Fears of further bloodshed led Kenya’s election commission to postpone voting planned for Saturday in some opposition strongholds, citing safety concerns for its workers as deadly clashes continued between police and protesters.
It was the second voting delay in four out of Kenya’s 47 counties, highlighting the bitter divisions and political uncertainty that have intensified after Thursday’s repeat presidential election, which was boycotted by supporters of opposition leader Raila Odinga. It was not clear when the voting will now take place.
At least six people have died in violence linked to the latest election, including a man who was shot and killed in the Nairobi slum of Kawangware as security forces moved to quell fighting between gangs from different ethnic groups late Friday, according to police.
Earlier in the day, stone-throwing protesters in Kawangware who support Odinga clashed with police who fired tear gas and water cannon. The rioters, some belonging to the Luhya and Luo ethnic groups, looted shops and set fire to a kiosk owned by an ethnic Kikuyu, according to witnesses. Kikuyu gangs with machetes then moved into the area and attacked the rioters. More fires were set and one man with a severe wound from a machete blow was seen on the ground, bleeding heavily.
“We are not celebrating this election!” one opposition supporter shouted as dozens of young men streamed by carrying sticks and stones.
Since Thursday, six police officers have been seriously injured in election violence and authorities have arrested 86 people, police said.
Many observers say Kenya’s ethnic-based politics overshadow the promise of its democracy. President Uhuru Kenyatta, who got 54 percent of the vote in the Aug. 8 presidential election that was later nullified by the Supreme Court over irregularities, is from the Kikuyu community. Odinga, who got nearly 45 percent in the earlier election, is a Luo.
Odinga’s legal challenge led to the nullification of the August vote. He then withdrew from the new election, saying the process was not credible because of the lack of electoral reforms.
Friday’s announcement that voting will not occur in several opposition areas “until further notice” followed warnings from opposition leaders that they would not participate, fearing a police crackdown.
“This is our polling station here but we won’t vote, come what may,” said R. Samson Odhiambo, a resident of Kisumu, Kenya’s third-largest city and an opposition stronghold.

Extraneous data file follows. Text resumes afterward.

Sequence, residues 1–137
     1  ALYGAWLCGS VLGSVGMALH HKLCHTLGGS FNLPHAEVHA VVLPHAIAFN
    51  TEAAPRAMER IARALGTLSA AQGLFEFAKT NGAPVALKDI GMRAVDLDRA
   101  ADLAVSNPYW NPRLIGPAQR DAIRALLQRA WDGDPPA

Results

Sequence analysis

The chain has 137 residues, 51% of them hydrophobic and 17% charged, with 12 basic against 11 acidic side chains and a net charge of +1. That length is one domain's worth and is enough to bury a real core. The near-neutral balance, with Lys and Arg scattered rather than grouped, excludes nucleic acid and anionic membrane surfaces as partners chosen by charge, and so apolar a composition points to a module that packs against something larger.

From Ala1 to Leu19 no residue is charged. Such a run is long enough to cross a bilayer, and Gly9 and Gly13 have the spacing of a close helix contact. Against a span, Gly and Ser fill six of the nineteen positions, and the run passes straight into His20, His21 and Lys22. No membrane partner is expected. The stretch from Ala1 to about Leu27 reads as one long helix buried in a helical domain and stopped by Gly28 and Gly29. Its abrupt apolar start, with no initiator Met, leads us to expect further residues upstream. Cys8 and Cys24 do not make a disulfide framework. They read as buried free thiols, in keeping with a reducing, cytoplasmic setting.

Peter Anyang’ Nyong’o, the governor of Kisumu County, described the plan to open the polls on Saturday as a “joke.” Church leaders and lawyers in Kisumu city also criticized the plan.
State Department spokeswoman Heather Nauert said in a tweet that the U.S. was “disappointed” by reports of Friday’s violence: “We encourage immediate & open dialogue w/ all parties to resolve deep divisions.”
Thursday’s vote had a sharply lower turnout because of the opposition boycott. About 6.5 million people, or one-third of registered voters, went to the polls, according to the election commission. Nearly 80 percent of registered voters participated in the August election.
Opposition supporters in some places blocked polls from opening, and election commission chairman Wafula Chebukati said colleagues were targeted in the chaos. “Some of my staff were hijacked and some were tortured … others were forbidden and violently prevented from reporting to their polling stations,” he said.
The Supreme Court’s decision to nullify the August vote was the first time a court in Africa had overturned a presidential election. The ruling was sharply criticized by Kenyatta, who seeks a second term. After voting Thursday, he said he will work to unify East Africa’s economic hub if re-elected.
Odinga and Kenyatta also faced off in a 2013 election similarly marred by opposition allegations of vote-rigging. The opposition leader also ran unsuccessfully in 2007, and ethnic-fueled animosity after that vote killed more than 1,000 people and forced 600,000 from their homes.
The election commission has asked Kenyans to be calm and patient while it counts and verifies results from the new vote. Commission chief Chebukati said he understands the fatigue that many Kenyans feel over the uncertainty in a country previously known for its relative stability.
“We acknowledge the fact that you want to move on with your lives,” Chebukati said.
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